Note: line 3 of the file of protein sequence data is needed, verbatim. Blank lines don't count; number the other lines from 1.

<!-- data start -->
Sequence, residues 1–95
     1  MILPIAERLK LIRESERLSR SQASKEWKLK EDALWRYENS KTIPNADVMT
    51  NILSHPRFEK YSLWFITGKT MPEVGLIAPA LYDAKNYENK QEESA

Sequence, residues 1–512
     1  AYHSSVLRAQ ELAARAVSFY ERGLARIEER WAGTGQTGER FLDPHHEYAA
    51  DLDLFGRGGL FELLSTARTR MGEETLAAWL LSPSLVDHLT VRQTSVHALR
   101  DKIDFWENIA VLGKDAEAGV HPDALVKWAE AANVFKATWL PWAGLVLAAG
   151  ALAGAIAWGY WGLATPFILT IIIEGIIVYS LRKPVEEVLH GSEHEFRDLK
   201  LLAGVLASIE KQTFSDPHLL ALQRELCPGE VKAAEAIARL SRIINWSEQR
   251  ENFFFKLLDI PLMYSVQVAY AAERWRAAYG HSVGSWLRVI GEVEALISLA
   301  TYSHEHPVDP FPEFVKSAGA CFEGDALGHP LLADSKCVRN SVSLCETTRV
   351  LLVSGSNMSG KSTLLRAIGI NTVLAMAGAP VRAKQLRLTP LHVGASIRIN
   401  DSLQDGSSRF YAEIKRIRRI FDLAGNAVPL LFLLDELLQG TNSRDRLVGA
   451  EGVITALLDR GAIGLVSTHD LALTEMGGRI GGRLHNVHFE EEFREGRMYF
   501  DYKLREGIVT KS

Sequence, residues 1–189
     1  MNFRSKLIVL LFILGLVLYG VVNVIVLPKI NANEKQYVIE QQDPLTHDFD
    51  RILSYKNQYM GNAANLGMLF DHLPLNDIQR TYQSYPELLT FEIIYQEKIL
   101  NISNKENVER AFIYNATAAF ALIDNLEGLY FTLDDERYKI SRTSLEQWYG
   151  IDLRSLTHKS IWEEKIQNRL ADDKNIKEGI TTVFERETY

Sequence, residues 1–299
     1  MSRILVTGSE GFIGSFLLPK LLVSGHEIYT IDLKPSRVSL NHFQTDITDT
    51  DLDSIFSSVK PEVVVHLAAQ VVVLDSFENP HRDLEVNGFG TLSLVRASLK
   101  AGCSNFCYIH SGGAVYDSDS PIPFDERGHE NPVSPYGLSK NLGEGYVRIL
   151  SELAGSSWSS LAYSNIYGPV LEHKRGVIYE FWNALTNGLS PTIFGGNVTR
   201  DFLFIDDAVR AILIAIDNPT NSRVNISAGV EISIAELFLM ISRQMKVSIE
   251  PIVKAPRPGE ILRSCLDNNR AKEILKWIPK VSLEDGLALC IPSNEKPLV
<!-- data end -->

    51  NILSHPRFEK YSLWFITGKT MPEVGLIAPA LYDAKNYENK QEESA